Dr. Wostenberg's World of Movie Reviews: 8 Women

Can You Survive at a French Estate with 8 Women? A Film Review of 8 Women by Christopher Wostenberg

The survey last semester requested that I review movies that pass the Bechdel Test. A quick synopsis of the test is a movie where at least two women talk to each other about something other than a man. While I have quite a few movies in my collection that pass this test, including All About Eve, Gone With the Wind, The Birds, and Nashville, one lesser known movie came to my mind first, 8 Women. This is a movie I did not know much about when I bought it, so I went in without much expectation. I picked it for a few reasons. First, it was a French language film. French films hold a special place with me because I took French in high school and watched quite a few in the class. Second, it had Catherine Deneuve, in my opinion one of the best French actresses of the latter half of the 20th century. Third, it was murder mystery comedy film, a genre that when done well can be very entertaining (but those examples are far and few between).

Like a stereotypical Agatha Christie murder mystery, the film takes place at a wealthy estate during the 1950s where the characters are trapped due to a snow storm. The patriarch of the family is found murdered, leaving all eight women of the household as suspects. First are the patriarch’s two daughters, Suzon and Catherine. His wife Gaby and her sister Augustine, along with their mother, Mamy, are also at the house. There is the victim’s sister, Pierrette. Finally, there are the two servants; Chanel the cook, and Louise the chambermaid. The film takes place mainly in the living room. As the movie progresses, the motive of each of the women is revealed until eventually the plot is unraveled. Throughout the film, each woman sings a song that portrays her characteristics. As it is a murder mystery, I will not give away more of the plot.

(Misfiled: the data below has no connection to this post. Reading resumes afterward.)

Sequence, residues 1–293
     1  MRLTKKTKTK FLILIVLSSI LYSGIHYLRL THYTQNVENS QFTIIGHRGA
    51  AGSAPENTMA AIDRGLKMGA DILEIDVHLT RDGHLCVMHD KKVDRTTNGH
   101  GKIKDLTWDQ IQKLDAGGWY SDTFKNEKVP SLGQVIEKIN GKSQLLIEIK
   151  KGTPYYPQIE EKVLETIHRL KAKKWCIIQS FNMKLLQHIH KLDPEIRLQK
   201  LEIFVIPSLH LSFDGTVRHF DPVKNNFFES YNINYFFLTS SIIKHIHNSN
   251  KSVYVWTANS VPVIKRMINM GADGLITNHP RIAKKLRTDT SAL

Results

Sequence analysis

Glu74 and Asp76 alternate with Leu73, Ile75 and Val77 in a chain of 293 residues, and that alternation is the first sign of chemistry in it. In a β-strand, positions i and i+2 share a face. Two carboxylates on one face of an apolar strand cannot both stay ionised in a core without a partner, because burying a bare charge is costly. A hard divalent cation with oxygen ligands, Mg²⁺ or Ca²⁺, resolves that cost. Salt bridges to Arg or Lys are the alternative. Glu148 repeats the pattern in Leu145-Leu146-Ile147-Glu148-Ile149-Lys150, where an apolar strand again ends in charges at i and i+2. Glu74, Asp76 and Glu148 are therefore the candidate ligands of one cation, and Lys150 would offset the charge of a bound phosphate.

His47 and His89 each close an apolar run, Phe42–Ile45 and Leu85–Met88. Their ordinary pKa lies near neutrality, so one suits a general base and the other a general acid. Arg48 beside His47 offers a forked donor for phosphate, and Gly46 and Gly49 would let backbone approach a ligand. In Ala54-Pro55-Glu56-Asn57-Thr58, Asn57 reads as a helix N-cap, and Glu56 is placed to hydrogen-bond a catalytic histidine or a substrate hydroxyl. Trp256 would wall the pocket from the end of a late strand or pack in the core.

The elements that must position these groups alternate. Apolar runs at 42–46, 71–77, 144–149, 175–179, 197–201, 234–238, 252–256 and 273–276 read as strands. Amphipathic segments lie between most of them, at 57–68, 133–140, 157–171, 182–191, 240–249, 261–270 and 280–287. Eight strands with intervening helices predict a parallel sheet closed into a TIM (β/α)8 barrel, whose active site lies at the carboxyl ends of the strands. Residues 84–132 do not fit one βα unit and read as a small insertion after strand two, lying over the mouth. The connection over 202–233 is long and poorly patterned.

8 Women is great at being a fun musical where nothing is too serious even though there is a murder. This is nicely portrayed through various aspects of the film, but as to keep the movie as much as a surprise as possible, I will only discuss a few of them.

First, the setting of the film is confined to mainly the giant living room of the estate’s mansion during the holiday season. There is not much reason in the film specifically for setting it during Christmas other than to ensure that Suzon is home from school and to provide the snow that traps the characters in the house. Both of these reasons could easily be changed to fit the needs of the plot. For example, Suzon could be home for summer or the school is closed due to a fire. Likewise, instead of a snow storm, there could have been a thunder storm. But the holiday season stirs up the imagination of audience into fun and whimsy early on in the film.


Likewise, the living room setting allows for the opportunity for the women to sing, dance, play the piano and move around without being overly confined. I personally think of a living room as a place for entertainment and relaxation more so than any other space in a house. Also, the living room setting permits the feeling of the theatre, which is perfect for capturing the murder mystery atmosphere. The theatre aspect allows separation between the audience and the action n more so than movies in general, and thus making the murder not seem as serious to the audience.

Second, the movie coloring is bright and vibrant with all the characters in a different hue. The colors seem in contrast to the winter season, as quite a few of the colors provoke a spring feel of life and joy, especially Suzon in pink and Mamy in lavender. But the color tone is purposely selected to be bright, adding a cheerful and lively nature to the film regardless of the plot and setting. Note that if all the women wore dark winter tones, like black and grays, this would provide a more somber atmosphere to the movie and bring more attention to the death with a funeral feel. Additionally, the women’s colorful outfits highlight them against the background forcing them into the foreground of the story to ensure that the audience’s focus stays on the characters more than anything else. Finally, the utilization of different colors for each woman in the film is meant to complement the personalities more than anything else in the film.